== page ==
If your SMSF is in accumulation phase (you’re still working and contributing to your super fund), capital gains are generally taxed at 15%. This means after the 33% discount, the effective tax rate is only 10%. If your SMSF is in the pension phase (you receive a retirement income stream from your SMSF), you don't have to pay any tax on the profit you make when you sell.

Investing in property through an SMSF can be complex and there are rules and regulations that must be followed. You may want to speak to a financial advisor or tax professional to make sure it's the right choice for you.

When did CGT start in Australia?

Capital gains tax was introduced in Australia on 20 September 1985. Before this time, there was no tax on capital gains in Australia.

Why is this important? Because properties acquired before this date are generally exempt from CGT and this is referred to as ‘pre-CGT status’. However, major improvements to a property made since 20 September 1985 may not hold pre-CGT status and be subject to CGT. The rules around taxes on investment properties have changed over time so speak to your tax accountant for more details.

Do you have to pay capital gains tax on an investment property?

If you sell your investment property for a profit, you generally have to pay CGT on the capital gain. The CGT applies to any property that isn’t your principal place of residence, including investment properties and holiday homes. However, there are some tax exemptions and tax deductions available to property investors, though eligibility criteria applies.

Capital gains tax is often mistaken as a separate tax. Despite the name, CGT forms part of the tax you pay on assessable income. You report any capital gains or capital losses in your tax returns. In general, when you sell your property, your capital gains will add to your taxable income - the higher your taxable income, the more tax you’ll likely pay.

Foreign residents 

If you’re a foreign resident for tax purposes, there are a few differences in how CGT rules might apply to you.

  • The tax rates for foreign residents are different from the tax rates for Australian residents.
  • For any property you sell in Australia after 30 June 2020, you may only claim the main residence exemption from CGT if you satisfy the requirements of the life events test.
  • You can’t claim the 50% CGT discount for properties you bought after 8 May 2012.
  • If you’re a foreign resident selling property worth $750,000, a capital gains withholding rate of 12.5% applies. Your purchaser is required to withhold this amount at settlement. Consider using a taxes calculator before you sell an asset to help you work out your tax liabilities.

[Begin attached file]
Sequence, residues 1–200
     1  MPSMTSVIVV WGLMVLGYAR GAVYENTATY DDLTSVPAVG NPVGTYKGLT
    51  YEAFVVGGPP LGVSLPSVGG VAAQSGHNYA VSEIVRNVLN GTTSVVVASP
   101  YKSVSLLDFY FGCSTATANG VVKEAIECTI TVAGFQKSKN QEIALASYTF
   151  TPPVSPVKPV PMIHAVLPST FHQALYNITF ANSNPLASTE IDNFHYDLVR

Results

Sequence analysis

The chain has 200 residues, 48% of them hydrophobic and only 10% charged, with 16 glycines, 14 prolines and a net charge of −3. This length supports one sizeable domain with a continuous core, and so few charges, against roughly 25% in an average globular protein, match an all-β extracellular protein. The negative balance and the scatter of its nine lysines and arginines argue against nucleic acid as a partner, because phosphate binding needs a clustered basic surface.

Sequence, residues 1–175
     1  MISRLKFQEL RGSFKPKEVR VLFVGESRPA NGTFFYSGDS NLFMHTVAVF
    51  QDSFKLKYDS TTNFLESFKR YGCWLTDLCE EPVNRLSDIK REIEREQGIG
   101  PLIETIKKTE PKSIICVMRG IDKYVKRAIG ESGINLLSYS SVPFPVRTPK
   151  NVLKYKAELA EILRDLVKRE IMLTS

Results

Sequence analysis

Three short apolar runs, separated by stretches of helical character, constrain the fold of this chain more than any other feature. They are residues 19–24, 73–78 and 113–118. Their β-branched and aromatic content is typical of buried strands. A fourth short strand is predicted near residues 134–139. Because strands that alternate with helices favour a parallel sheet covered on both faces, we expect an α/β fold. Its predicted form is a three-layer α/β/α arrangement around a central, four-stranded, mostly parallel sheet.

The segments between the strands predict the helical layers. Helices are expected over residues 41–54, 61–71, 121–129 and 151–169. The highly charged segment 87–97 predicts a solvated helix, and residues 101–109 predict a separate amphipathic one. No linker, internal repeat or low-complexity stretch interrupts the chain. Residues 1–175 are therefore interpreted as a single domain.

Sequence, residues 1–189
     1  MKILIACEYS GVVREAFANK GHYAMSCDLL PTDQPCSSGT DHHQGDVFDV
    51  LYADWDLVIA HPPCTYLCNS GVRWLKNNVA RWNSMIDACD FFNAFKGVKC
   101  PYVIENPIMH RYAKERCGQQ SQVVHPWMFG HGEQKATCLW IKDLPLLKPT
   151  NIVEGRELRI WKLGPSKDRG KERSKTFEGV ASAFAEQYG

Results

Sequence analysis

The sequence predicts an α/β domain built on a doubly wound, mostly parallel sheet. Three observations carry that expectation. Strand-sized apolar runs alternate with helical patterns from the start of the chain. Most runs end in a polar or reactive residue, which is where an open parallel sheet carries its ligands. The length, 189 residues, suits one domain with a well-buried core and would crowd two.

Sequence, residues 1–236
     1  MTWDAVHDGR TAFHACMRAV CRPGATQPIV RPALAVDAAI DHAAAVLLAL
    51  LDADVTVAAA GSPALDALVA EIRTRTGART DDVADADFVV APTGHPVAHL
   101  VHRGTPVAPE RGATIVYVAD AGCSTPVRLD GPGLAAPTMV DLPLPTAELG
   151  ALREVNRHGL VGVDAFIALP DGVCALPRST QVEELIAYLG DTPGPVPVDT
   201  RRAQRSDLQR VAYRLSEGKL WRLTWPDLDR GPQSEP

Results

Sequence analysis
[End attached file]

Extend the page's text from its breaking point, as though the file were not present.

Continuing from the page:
How much capital gains tax will I pay if I sell my investment property?

The amount of CGT you will be required to pay on the sale of an investment property will depend on a number of factors, including:

  • the purchase price of the property
  • the cost of any improvements
  • any other expenses associated with the sale
  • when you purchased the property
  • how long you’ve owned the property
  • your taxable income and marginal tax rate
  • your tax residency status (note that residency for tax purposes differs from the residency statuses used by the Department of Home Affairs).

Capital gains tax is only one possible cost you could incur when you sell your property. You may want to use a selling cost calculator before you sell.

How do you calculate capital gains tax on the sale of investment property?

To calculate capital gains tax, work out your net capital gain or loss by subtracting the cost base from the capital proceeds. If you have a net capital gain, this amount will be subject to CGT, which would be based on your marginal tax rate.


  • Alex is a property investor who held her rental property for 5 years before deciding to sell it.
  • Her cost base is $550,000.
  • Her capital proceeds are $800,000.
  • Alex's capital gain is $250,000 ($800,000 - $550,000).
  • Given that she is an Australian resident and has held the property for more than 12 months, she is eligible for the 50% CGT discount.
  • She is not eligible for the 6-year rule as she did not live in it before renting it out.
  • Her taxable capital gain is $125,000 and she will pay tax on this gain at her marginal income tax rate.

If you get stuck, there are a range of calculators and tools online to help property investors calculate capital gains tax.

Plan ahead and keep track of your property’s history

While no one likes paying taxes, property investors can think ahead to work negative gearing and CGT into their long-term investment property tax planning.

If you do intend to use any tax exemptions or discounts, it’s important to maintain accurate records of your property's residence and rental history. Even after you sell your property, you must keep all related paperwork for at least 5 years.

Depending on the timing of your property sale, you may not always do your tax return immediately after you sell. If you’re expecting any CGT events, it’s a good idea to have funds set aside in a savings account to help cover the amount when the time comes to do your taxes.


Please note that the information on this page is general information only and should not be taken as constituting professional or financial advice. Futurerent is not a financial adviser. You should consider seeking independent legal, financial, taxation or other advice to check how the information on this page relates to your unique circumstances. Futurerent is not liable for any loss caused, whether due to negligence or otherwise arising from the use of, or reliance on, the information provided directly or indirectly, by use of this website.